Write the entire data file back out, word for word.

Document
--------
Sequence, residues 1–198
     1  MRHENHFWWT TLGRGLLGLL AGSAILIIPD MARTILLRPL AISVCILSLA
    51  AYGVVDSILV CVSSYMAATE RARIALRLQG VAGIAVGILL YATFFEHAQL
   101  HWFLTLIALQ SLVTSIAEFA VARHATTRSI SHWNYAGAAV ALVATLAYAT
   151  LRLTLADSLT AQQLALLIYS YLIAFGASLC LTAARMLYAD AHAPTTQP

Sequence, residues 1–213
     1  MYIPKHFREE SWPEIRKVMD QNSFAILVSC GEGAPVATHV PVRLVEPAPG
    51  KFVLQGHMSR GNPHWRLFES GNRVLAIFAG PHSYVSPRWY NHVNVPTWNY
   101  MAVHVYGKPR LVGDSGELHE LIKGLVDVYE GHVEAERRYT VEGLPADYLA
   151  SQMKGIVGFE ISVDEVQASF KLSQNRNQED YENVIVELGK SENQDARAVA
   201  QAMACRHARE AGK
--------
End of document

Sequence, residues 1–198
     1  MRHENHFWWT TLGRGLLGLL AGSAILIIPD MARTILLRPL AISVCILSLA
    51  AYGVVDSILV CVSSYMAATE RARIALRLQG VAGIAVGILL YATFFEHAQL
   101  HWFLTLIALQ SLVTSIAEFA VARHATTRSI SHWNYAGAAV ALVATLAYAT
   151  LRLTLADSLT AQQLALLIYS YLIAFGASLC LTAARMLYAD AHAPTTQP

Sequence, residues 1–213
     1  MYIPKHFREE SWPEIRKVMD QNSFAILVSC GEGAPVATHV PVRLVEPAPG
    51  KFVLQGHMSR GNPHWRLFES GNRVLAIFAG PHSYVSPRWY NHVNVPTWNY
   101  MAVHVYGKPR LVGDSGELHE LIKGLVDVYE GHVEAERRYT VEGLPADYLA
   151  SQMKGIVGFE ISVDEVQASF KLSQNRNQED YENVIVELGK SENQDARAVA
   201  QAMACRHARE AGK